Back in February, before such gatherings had been put on hold in London owing to the Covid-19 pandemic, the two of us enjoyed attending the launch of the debut novel by a former student of ours. Ali Thurm’s book, One Scheme of Happiness, is an engrossing read about the close yet unsettling bond between two old school friends who reconnect in later life. We are so pleased to feature this guest post by Ali, in which she shares some thoughts on the subject of female friendship in fiction through the ages.
I’ve always been interested in how childhood friendships influence the choices we make as adults – those moments in childhood that stand out as turning points and that we remember for the rest of our lives. Some of us want a large group of friends and many hanker after a best friend, a soul mate. We want to know how to be a good friend and how to keep these friends, how to achieve a balance between pleasing our friends and being true to ourselves. And what to do if things go wrong, if this fine balance tips over into envy or destructive hatred? As a writer and keen reader, it feels natural to me to look to fiction for answers.
In the 19th century novel female friendship is often relatively straightforward: a friend is a good influence or not.
In Jane Eyre by Charlotte Brontё, we see an example of how to be a good friend. When Jane goes to Lowood School, the older Helen Burns befriends her. Virtuous, and long-suffering, Helen shows Jane how to overcome the bullying and cruelty of the school through religion and stoicism. When Jane is forced to stand on a stool as a punishment Helen walks past her, inspiring the book’s heroine with the ‘strange light’ in her eyes. ‘It was as if a martyr, a hero, had praised a slave or victim, and imparted strength in the transit.’ This is a friendship in adversity that strengthens Jane’s character.
In Jane Austen’s Sense and Sensibility, Lucy Steele befriends Elinor Dashwood. She is pretty and vivacious and at first Elinor enjoys her friendship; but Lucy is ‘a person who joined insincerity with ignorance’ and not averse to flattery and outright lying to further her marriage prospects. Austen treats her with wit and humour, but Lucy’s ‘little sharp eyes’ cause Elinor great emotional distress. She is a friend to be avoided.
Post Freud, the contemporary novel delves deep into psychology; female friendships endure and aren’t cast off with marriage or by other circumstances. They are complex and complicated. Now that women can choose to have it all, or none of it, friendships are fluid too. And not necessarily nice.
The friendship between Lila and Elena in Elena Ferrante’s My Brilliant Friend, set in 1950’s Naples, is intense and often problematic. As the narrator Elena remarks, ‘Lila … immediately impressed me because she was very bad.’ Even when it is Lila who has thrown Elena’s doll into a dark cellar and Lila who constantly dares her to try more and more dangerous games, Elena is devoted to her. Having been dared by her friend to climb a dark staircase, Elena recalls that ‘Lila did something unexpected. She stopped to wait for me, and when I reached her she gave me her hand.’ After this one moment their friendship lasts for decades.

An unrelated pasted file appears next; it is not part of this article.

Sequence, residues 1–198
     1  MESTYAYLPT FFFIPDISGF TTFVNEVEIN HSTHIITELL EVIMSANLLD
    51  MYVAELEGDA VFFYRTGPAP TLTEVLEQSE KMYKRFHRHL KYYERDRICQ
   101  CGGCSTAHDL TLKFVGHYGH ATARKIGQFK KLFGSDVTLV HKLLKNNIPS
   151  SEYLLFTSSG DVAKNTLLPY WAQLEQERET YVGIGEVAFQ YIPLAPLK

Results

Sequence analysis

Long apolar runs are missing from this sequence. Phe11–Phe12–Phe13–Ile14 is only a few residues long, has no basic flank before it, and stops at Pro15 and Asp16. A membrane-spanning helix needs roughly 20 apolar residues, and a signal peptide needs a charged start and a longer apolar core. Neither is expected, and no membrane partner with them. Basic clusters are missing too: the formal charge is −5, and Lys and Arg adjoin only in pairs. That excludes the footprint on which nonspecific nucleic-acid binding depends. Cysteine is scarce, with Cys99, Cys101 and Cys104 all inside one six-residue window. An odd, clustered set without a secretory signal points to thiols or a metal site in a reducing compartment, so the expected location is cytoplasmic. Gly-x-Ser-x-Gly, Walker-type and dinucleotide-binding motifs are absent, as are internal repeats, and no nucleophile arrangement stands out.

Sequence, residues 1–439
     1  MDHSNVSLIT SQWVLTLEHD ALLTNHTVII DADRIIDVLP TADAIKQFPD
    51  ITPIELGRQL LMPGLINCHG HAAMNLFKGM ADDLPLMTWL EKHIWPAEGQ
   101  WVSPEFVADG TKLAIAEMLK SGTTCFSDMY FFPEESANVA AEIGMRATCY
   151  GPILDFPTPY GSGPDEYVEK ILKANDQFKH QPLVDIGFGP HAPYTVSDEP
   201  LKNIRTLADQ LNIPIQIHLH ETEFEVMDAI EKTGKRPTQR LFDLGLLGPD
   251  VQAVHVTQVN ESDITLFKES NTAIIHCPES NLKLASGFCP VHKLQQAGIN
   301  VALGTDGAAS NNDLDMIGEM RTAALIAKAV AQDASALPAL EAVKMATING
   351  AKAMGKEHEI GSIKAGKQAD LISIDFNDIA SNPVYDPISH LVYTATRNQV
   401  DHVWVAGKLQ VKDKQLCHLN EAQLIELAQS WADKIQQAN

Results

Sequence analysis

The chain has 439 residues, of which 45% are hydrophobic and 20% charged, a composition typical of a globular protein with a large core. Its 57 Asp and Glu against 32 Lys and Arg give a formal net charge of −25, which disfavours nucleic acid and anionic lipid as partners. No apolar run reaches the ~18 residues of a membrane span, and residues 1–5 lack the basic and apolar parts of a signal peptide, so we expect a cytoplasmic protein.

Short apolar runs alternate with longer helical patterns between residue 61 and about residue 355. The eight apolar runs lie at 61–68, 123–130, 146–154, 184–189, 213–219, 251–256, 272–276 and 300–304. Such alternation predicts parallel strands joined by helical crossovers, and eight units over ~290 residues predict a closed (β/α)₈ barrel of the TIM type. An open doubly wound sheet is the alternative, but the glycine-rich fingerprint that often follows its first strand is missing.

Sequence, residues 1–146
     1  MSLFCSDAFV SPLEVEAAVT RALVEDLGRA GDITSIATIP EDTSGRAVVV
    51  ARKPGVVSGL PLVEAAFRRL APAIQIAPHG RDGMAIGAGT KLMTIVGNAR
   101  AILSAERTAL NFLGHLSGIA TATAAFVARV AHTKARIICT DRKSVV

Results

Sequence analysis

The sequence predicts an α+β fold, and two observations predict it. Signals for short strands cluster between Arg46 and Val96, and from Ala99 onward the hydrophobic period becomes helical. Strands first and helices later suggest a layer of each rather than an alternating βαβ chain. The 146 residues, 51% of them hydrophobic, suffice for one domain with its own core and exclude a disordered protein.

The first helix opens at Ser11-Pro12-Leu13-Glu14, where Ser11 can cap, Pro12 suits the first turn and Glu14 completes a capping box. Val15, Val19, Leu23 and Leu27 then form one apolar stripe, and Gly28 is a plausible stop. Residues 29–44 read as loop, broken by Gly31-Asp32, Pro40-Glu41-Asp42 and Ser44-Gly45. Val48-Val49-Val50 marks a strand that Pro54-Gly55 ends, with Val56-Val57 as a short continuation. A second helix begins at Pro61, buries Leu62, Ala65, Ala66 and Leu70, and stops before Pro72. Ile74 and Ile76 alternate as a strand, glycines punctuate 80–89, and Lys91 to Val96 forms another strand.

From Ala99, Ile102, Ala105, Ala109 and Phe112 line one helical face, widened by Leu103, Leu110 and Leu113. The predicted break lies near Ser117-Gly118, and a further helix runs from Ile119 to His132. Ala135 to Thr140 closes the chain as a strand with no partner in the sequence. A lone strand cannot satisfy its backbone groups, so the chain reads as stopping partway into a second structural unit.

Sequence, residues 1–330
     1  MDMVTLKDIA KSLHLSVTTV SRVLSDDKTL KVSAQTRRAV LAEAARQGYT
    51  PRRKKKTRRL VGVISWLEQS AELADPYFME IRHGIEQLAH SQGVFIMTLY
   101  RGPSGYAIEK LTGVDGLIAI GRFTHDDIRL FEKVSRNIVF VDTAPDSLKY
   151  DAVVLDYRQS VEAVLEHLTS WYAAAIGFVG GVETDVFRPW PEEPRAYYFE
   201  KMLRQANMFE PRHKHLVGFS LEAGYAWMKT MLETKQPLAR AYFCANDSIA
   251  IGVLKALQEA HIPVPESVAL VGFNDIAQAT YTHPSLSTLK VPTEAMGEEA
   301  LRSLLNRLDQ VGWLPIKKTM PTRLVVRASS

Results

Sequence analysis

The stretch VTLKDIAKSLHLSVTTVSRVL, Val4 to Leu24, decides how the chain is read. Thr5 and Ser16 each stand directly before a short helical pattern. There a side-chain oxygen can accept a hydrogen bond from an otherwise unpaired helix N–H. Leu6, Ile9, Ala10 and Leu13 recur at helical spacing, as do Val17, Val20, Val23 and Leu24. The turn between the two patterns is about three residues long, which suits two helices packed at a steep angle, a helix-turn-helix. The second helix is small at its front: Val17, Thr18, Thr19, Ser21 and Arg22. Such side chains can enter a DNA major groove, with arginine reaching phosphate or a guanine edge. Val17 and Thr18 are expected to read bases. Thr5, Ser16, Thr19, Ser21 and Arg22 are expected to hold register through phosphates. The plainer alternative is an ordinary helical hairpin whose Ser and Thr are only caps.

In Margaret Atwood’s Cat’s Eye a middle-aged narrator, Elaine, looks back at childhood friendships – relationships in which her friends also became her torturers. Picturing herself back in those days, she says: ‘They are my friends, my girl friends, my best friends. I never had any before and I’m terrified of losing them. I want to please.’ Elaine never comes to terms with these negative feelings and how her childhood relationships led her to lose all self-respect. The novel focuses on these damaging early experiences and their resulting psychological trauma.
Like Cat’s Eye, my novel, One Scheme of Happiness, is driven by an adult re-evaluation of a friendship. My protagonist Helen has been influenced by caring for her acutely anxious mother, and by her own narrow reading of 19th century novels, Mansfield Park in particular. As a child she is so besotted by the glamorous Vicky that she does whatever Vicky tells her to do to retain her friendship, including bullying other children. But when the bullying becomes sexual and turns on her, Helen drops Vicky and finds friendship with another quieter girl, Ann. At the heart of the novel, is the shifting and game-playing between Helen and Vicky, which continues into adulthood. Ultimately, Helen needs to find the balance between holding onto this relationship and preserving her own sanity. She will have to reappraise the life choices she’s made as a result of her complex and confusing childhood friendship.
For us, Helen’s changing feelings about her personal bond with Vicky are one of the most interesting characteristics of Ali’s novel. They are also a reminder that, despite how often the subject has been tackled in fiction over the centuries, there’s still a great deal to explore afresh in the subject of female friendship.